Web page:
Every time Reading's Jesse Biddle hits the bump for a start, he's thinking about nothing more than throwing seven or more solid innings to put his team in a position to win.
In the top of the seventh against Akron on June 18, after walking the leadoff batter, Biddle retired the next two on strikes and, with the runner going on the second strikeout, finished the frame with a double play and a big pump of the fist.
"I think throwing seven innings is the minimum for a starter," said Biddle, the Phillies' No. 2 prospect. "Five, six innings doesn't feel like you've done everything you could for your team. It doesn't feel like you went deep enough."
Given Biddle's two prior starts, there was reason to rejoice a bit more against the RubberDucks.
On June 6 he had his shortest outing of the season against Richmond, lasting only 2 1/3 innings after serving up seven runs on six hits, two of which were home runs.
Biddle was unable to rebound his next start, running into a red-hot New Britain club that patiently drew six walks from the lefty over 3 1/3 frames.
"This year the walks have been a little bit of an issue," said Reading pitching coach David Lundquist. "Right now, where we're at is to stop thinking so much about what you're doing on the mound, focus 60 feet away and let your natural ability and natural talent take over.
"I think he's headed in the right direction."
By Biddle's own estimation, things weren't going well, since he had not made it through seven innings in six straight starts in a roller-coaster of a second season in the Eastern League.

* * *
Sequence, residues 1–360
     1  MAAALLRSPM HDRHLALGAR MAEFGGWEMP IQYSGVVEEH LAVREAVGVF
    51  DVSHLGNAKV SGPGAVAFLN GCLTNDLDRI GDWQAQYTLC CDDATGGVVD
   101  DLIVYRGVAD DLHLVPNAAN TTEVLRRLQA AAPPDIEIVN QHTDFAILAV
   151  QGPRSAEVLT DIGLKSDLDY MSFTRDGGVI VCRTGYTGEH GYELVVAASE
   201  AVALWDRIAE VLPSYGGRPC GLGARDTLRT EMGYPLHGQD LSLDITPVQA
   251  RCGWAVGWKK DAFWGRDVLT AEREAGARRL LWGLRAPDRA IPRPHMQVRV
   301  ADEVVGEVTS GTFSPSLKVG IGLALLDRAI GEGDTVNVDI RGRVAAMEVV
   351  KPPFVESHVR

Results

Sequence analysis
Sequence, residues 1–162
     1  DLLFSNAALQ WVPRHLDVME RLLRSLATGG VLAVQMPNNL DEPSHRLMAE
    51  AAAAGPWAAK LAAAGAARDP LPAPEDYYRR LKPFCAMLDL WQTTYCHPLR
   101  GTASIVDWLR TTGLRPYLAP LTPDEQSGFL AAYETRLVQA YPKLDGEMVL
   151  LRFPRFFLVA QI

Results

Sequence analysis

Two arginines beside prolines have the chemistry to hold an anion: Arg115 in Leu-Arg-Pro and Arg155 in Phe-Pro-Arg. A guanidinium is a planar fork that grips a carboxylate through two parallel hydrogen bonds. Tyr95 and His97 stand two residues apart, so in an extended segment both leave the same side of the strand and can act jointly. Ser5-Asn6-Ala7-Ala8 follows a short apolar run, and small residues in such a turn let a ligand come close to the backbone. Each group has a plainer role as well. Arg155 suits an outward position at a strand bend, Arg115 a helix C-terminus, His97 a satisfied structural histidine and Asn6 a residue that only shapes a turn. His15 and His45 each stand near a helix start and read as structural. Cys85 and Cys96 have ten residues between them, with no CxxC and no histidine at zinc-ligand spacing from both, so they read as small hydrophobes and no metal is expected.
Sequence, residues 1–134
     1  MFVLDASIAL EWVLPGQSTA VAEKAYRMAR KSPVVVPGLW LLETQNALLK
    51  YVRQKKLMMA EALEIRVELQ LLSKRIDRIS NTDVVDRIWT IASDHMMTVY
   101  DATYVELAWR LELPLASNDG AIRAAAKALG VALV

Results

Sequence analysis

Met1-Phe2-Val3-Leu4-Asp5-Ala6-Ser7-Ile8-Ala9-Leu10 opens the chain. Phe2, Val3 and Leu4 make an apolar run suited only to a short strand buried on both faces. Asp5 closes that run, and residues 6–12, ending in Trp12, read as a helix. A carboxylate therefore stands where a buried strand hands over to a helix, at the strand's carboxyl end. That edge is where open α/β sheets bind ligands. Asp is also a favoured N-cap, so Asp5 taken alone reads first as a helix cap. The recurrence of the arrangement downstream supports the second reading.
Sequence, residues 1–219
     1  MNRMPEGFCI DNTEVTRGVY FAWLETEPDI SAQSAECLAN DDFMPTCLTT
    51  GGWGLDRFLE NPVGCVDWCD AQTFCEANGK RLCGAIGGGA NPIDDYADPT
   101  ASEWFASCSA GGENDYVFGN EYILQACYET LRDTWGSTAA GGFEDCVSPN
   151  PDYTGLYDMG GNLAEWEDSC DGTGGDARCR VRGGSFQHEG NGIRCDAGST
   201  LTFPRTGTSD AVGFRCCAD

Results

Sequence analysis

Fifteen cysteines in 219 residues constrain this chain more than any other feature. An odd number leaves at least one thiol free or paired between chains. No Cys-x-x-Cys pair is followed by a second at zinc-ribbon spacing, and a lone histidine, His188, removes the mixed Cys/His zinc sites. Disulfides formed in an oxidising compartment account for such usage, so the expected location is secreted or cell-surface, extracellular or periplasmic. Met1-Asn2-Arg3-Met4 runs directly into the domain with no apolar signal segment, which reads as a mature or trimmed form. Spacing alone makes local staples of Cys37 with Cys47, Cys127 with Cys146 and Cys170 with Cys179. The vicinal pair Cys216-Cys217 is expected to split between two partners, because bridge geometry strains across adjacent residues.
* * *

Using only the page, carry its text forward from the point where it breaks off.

"I've had some good [starts], I've had some success this year," said Biddle. "Then, I've had a couple of pretty bad ones. That's kind of how pitching goes in a lot of ways. The important thing is to not lose confidence in yourself and your ability."
The natural maturation process has helped the 22-year-old as he works through tough times and continues to develop his arsenal, which has included a lot of development on his slider and changeup this season.
"We're still working on and developing the slider," said Lundquist. "He has a good feel for a changeup when he uses it. The thing that makes him a notch above a lot of other people is his competitive nature in everything he does."
In the face of a 3-8 record, a 4.04 ERA and even his own home fans booing him, Biddle's competitive nature is what carries him from one start to the next.
He knows that, even if he has a bad start, there will be chance for redemption soon enough, and nothing that can be said will stop him from hitting that mound and trying for seven or more innings of the best that he's got.
"I don't quit," said Biddle. "Even when things are really not going my way, I may be struggling, I still don't quit and I'm never going to give up on this game.
"I don't feel complete until I'm out there."
Rock and roll: New Britain's 5-2 victory over Reading on Saturday was a franchise-best 10th straight win. The Cats upped their streak to 11 by sweeping the Fightin Phils' on Sunday. It's the longest winning run of any team in the league this season.
Attack on track: After getting saddled with three straight losses, Bowie starter Zach Davies put together the two best outings of his career in back-to-back dominating performances. The Orioles' No. 12 prospect went 2-0, throwing 13 scoreless innings in which he allowed just three hits and four walks. The only hit Davies allowed versus Binghamton on Sunday was a leadoff double by Kyle Johnson.
Powering up: With his second-inning home run Sunday, Erie's Steven Moya has, for the fourth time this season, gone yard in back-to-back games. Through 69 games, the Tigers' No. 20 prospect has already achieved career highs in home runs (16) and stolen bases (12) and is just five RBIs shy of a career best.